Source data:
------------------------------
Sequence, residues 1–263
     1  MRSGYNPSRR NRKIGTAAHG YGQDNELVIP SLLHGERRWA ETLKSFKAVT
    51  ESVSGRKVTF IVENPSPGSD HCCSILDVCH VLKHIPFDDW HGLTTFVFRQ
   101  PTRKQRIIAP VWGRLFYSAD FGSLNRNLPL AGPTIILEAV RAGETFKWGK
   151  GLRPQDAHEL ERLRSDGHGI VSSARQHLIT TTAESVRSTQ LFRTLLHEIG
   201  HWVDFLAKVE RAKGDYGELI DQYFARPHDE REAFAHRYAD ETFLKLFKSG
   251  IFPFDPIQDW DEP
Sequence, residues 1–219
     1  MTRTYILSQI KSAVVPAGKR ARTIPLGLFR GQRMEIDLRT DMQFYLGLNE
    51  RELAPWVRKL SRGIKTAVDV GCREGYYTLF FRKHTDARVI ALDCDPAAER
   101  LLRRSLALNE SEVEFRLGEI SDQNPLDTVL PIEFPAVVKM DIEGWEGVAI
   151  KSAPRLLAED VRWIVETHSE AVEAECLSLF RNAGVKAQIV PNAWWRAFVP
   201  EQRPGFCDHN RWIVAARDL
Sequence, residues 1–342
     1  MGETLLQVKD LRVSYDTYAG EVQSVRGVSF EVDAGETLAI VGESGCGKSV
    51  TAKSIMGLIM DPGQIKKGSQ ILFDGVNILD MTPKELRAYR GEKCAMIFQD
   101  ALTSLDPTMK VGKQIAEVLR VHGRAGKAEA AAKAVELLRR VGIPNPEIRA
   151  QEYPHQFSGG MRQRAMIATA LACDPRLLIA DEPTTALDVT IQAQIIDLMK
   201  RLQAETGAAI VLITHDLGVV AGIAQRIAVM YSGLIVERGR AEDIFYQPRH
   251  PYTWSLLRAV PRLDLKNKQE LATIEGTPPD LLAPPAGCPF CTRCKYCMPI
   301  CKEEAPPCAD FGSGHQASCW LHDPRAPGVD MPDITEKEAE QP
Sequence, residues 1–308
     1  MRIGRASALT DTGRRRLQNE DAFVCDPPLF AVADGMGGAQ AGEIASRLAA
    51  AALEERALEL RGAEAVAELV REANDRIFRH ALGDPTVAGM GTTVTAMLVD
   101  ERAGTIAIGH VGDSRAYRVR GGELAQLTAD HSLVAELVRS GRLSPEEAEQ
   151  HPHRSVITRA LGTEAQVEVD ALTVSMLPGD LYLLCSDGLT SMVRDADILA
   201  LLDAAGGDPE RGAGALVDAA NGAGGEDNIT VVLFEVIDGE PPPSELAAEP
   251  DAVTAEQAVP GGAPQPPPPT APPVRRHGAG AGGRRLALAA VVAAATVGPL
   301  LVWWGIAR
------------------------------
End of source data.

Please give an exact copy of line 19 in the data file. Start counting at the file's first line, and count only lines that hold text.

   201  RLQAETGAAI VLITHDLGVV AGIAQRIAVM YSGLIVERGR AEDIFYQPRH